Guilt In The Kite Runner

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A World of Guilt: Amir’s Struggle to Become a Better Man In The Kite Runner by Khaled Hosseini, Amir struggles to become a man. His idealization of manhood is largely derived from the influence of his father his primary role model, Baba. Baba is a strong, assertive and confidant man in Amir’s eyes and despite their differences, Amir strives to embody this type of masculinity. However, Amir only becomes a better man when he is broken down and beaten into a humble man. Amir’s relationship to his mother, father and half brother, Hassan, are guilt ridden and strained. Finally, Amir addresses this guilt and proves his remorse through selfless acts. It is through selfless acts that his sins of the past are settled and he is able to become a man and form a complete sense of self. Amir’s sense of guilt stems from the very moment he was born. Amir’s mother died in childbirth and at times, Amir feels like Baba resents him for taking the life of his beautiful wife. Throughout the novel, Amir continues to resent himself for not living up to his father’s reputation as a great man. Amir often backs down from confrontations, something Baba would never do. When Hassan is being raped for Amir’s kite, Amir watches only for a moment before running away. Baba on the…show more content…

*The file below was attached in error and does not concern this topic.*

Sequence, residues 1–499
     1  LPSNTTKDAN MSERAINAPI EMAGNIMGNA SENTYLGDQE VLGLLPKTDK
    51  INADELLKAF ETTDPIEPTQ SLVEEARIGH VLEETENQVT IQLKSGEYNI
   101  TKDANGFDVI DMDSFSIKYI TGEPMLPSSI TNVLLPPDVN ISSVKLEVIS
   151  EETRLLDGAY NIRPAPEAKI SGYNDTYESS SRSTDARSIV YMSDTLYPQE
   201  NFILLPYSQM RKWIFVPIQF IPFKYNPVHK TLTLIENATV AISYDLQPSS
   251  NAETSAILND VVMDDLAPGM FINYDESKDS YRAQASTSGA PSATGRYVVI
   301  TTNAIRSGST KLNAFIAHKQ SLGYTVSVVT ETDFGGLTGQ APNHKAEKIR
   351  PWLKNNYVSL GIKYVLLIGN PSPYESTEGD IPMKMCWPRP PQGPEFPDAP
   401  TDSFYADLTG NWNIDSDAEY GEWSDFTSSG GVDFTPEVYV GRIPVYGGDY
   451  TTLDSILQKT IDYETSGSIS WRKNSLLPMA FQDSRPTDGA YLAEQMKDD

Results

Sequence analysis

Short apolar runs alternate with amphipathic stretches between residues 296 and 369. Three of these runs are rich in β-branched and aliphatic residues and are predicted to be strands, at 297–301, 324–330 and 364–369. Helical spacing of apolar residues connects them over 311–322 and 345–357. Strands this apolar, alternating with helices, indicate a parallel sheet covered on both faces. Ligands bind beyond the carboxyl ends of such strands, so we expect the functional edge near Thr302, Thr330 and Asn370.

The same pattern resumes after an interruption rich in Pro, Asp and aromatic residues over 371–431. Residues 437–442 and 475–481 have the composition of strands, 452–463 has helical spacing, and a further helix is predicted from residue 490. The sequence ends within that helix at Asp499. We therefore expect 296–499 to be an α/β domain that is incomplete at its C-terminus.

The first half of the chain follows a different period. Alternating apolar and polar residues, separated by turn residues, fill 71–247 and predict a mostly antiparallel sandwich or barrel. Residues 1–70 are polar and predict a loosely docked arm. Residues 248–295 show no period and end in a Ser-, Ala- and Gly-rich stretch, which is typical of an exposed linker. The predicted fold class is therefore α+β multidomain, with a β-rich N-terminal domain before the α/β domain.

At the beginning of the novel, Amir strives for redemption in Baba’s eyes and figures that by winning the kite-tournament he would be seen as a fellow man. However, Amir does not become a man when he brings back the kite for Baba because he sacrifices his loyal brother Hassan for the paper kite. Amir finally understands what it takes to become a better man in his moment of redemption when he instead, retrieves the kite for Sohrab. A symbolically selfless moment dedicated not only to Sohran but to his faithful brother Hassan; “For you, a thousand times over” (391,
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